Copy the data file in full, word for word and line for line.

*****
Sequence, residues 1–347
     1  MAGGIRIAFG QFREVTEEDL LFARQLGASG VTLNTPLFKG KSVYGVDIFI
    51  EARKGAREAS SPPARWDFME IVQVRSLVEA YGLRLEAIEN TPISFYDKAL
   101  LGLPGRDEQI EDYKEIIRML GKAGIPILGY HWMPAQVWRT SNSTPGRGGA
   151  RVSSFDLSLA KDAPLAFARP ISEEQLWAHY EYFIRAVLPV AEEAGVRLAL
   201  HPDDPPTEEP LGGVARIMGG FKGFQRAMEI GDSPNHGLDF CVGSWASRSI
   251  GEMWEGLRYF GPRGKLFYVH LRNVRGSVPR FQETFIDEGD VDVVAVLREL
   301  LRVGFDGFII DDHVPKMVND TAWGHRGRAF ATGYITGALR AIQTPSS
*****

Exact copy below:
Sequence, residues 1–347
     1  MAGGIRIAFG QFREVTEEDL LFARQLGASG VTLNTPLFKG KSVYGVDIFI
    51  EARKGAREAS SPPARWDFME IVQVRSLVEA YGLRLEAIEN TPISFYDKAL
   101  LGLPGRDEQI EDYKEIIRML GKAGIPILGY HWMPAQVWRT SNSTPGRGGA
   151  RVSSFDLSLA KDAPLAFARP ISEEQLWAHY EYFIRAVLPV AEEAGVRLAL
   201  HPDDPPTEEP LGGVARIMGG FKGFQRAMEI GDSPNHGLDF CVGSWASRSI
   251  GEMWEGLRYF GPRGKLFYVH LRNVRGSVPR FQETFIDEGD VDVVAVLREL
   301  LRVGFDGFII DDHVPKMVND TAWGHRGRAF ATGYITGALR AIQTPSS